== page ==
It is such a pleasure to be in a place where I can feel the elements strongly. The tropical Balinese climate brings the earth to life. When I wake up, I am surrounded by a thatched bamboo roof. My feet meet the smooth wood floor, until the bathroom, when they walk on rounded stones. Outside, the air is thick and heavy with moisture, and the trees are plump with past rain. The stone steps and railways are covered with moss, blending into the forest. And this morning when I walked out to the organic garden to meditate, I could see and breath and touch the dirt and the growing vegetables.
I find that my body is very sensitive to my environment as well. In the cold climate of the Himalayas, trekking every day, I gravitated toward heavy carbs. Here, I naturally and easily prefer green vegetables, fruits, and light meals. This morning I had an avocado and aloe vera shake that made me feel, with each sip, that I was swimming to the bottom of a deliciously cold and life-giving lake. I can’t remember the last time when I felt so energized by something I ate. (I also appreciated the fact that I got this shake at a Balinese-owned spot–Dayu’s Warung on Sugriwa Street. The shake was around $2, making it economically easy to be healthy as well.)
This morning when I got up to meditate, I was thinking about what kind of meditation I wanted to do. There are so many different varieties: guided imagery, contemplative, devotional, focused awareness. Sometimes it feels overwhelming. But even though part of me is intrigued by meditation practices like guided imagery, my personal meditation is usually pretty simple. I am okay sticking to my simple practice because it is what feels nourishing to me. Just like your body wants a certain kind of diet, our spirits also cry out for a certain kind of meditative practice. The answer will not be the same for everyone, and it may change for you over time. Trust your instinct and don’t make it more complicated than it needs to be. Give your spirit the nourishment it is craving.
My simple meditation practice is about giving myself space to just be, to stop trying to do or achieve anything, and go completely into receptive mode. It feels like surrendering myself to the flow and rhythm of life. The touchstone for this surrender is my breath. If my mind wanders and I stop paying attention to my breath, or if I try and control my breath in any way, I know my ego is trying to take over again. And so I refocus on my breath and that feeling of letting life go first, while I follow.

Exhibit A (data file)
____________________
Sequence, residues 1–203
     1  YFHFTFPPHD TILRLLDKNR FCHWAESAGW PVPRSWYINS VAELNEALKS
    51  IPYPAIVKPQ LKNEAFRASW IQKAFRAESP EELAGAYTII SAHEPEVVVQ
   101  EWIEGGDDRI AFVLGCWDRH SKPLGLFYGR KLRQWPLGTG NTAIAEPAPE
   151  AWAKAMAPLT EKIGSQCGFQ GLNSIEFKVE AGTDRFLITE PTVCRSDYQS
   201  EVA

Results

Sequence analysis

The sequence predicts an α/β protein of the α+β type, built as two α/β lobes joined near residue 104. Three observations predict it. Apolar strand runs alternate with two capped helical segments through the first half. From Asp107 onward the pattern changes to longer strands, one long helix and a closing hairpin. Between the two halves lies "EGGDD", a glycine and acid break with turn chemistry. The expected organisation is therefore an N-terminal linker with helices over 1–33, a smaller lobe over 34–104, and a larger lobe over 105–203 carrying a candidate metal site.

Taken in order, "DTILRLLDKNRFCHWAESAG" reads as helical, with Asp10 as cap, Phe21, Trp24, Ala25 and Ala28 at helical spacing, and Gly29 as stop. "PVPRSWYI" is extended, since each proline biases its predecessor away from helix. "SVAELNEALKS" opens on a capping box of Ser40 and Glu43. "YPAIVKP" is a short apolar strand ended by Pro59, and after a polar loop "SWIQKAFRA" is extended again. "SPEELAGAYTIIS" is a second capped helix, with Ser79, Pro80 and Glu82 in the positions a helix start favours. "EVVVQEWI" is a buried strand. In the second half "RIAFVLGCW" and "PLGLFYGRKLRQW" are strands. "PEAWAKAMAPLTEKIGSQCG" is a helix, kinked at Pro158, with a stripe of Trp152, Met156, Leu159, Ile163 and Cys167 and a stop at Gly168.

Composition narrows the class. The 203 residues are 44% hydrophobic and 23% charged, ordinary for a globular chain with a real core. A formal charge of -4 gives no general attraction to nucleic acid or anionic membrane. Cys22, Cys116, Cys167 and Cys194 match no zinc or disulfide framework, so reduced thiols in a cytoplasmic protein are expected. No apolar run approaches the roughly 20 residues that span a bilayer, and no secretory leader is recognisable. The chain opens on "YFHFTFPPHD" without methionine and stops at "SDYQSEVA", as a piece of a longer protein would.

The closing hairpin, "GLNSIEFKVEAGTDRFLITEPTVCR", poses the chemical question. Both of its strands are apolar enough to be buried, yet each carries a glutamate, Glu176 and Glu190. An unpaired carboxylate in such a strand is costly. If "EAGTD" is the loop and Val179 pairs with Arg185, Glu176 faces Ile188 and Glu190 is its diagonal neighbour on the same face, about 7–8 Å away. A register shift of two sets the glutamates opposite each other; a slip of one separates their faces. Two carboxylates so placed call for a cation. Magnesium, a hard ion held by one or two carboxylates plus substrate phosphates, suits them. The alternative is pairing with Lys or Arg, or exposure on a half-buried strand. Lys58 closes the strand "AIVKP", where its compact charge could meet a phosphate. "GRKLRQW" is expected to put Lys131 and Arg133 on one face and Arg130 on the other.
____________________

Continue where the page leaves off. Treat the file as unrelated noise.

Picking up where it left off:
Inevitably, I feel a sense of relief, knowing that I don’t have to fight so hard. Even when I let go of control, I am still here, breathing, existing. Life is taking care of me. It is supporting me. I don’t have to prove myself. As I feel this space and support, I naturally fall into a state of gratitude and softness. I move out of my head and into my heart. This is the resting point my soul wants to come back to, to identify as its home. And so I practice returning there again and again.
After I meditated, over breakfast, I began reading The Sacred Path of the Warrior by Chogyam Trungpa Rinpoche. To my delight, Rinpcohe’s description of meditation clearly spoke to what I was feeling this morning. Here is what he wrote:
“By meditation here we mean something very basic and simple that is not tied to any one culture. We are talking about a very basic act: sitting on the ground, assuming a good posture, and developing a sense of our spot, our place on earth. This is the means of rediscovering ourselves and our basic goodness, the means to tune ourselves in to genuine reality, without any expectations or preconceptions . . . The ideal state of tranquility comes from experiencing body and mind being synchronized . . . This method of synchronizing your mind and body is training you to be very simple and to feel that you are not special, but ordinary, extra-ordinary. You sit simply, as a warrior, and out of that, a sense of individual dignity arises. You are sitting on the earth and you realize that this earth deserves you and you deserve this earth. you are there–fully, personally, genuinely. So meditation practice in the Shambhala tradition is designed to educate people to be honest and genuine, true to themselves.”
I love this simple and honest spirituality. Many people think that to have a spiritual practice, they have to be special. So they shy away because they don’t think they are not “spiritual” enough. Or they become “super spiritual,” and adopt a false posture of pseudo-enlightenment. But spirituality doesn’t have to be fancy. It can be as simple and life affirming as feeling the wood and earth beneath your feet, as truly tasting the vibrancy of a healthy drink. It can be as graceful and dignified as sitting down and feeling–for even just a few minutes–the power of life that runs through you.
If this article touches you, I would love to hear your own description of the “home” that meditation and spiritual practice creates for you. In addition to meditation, what simple practices help bring you back home?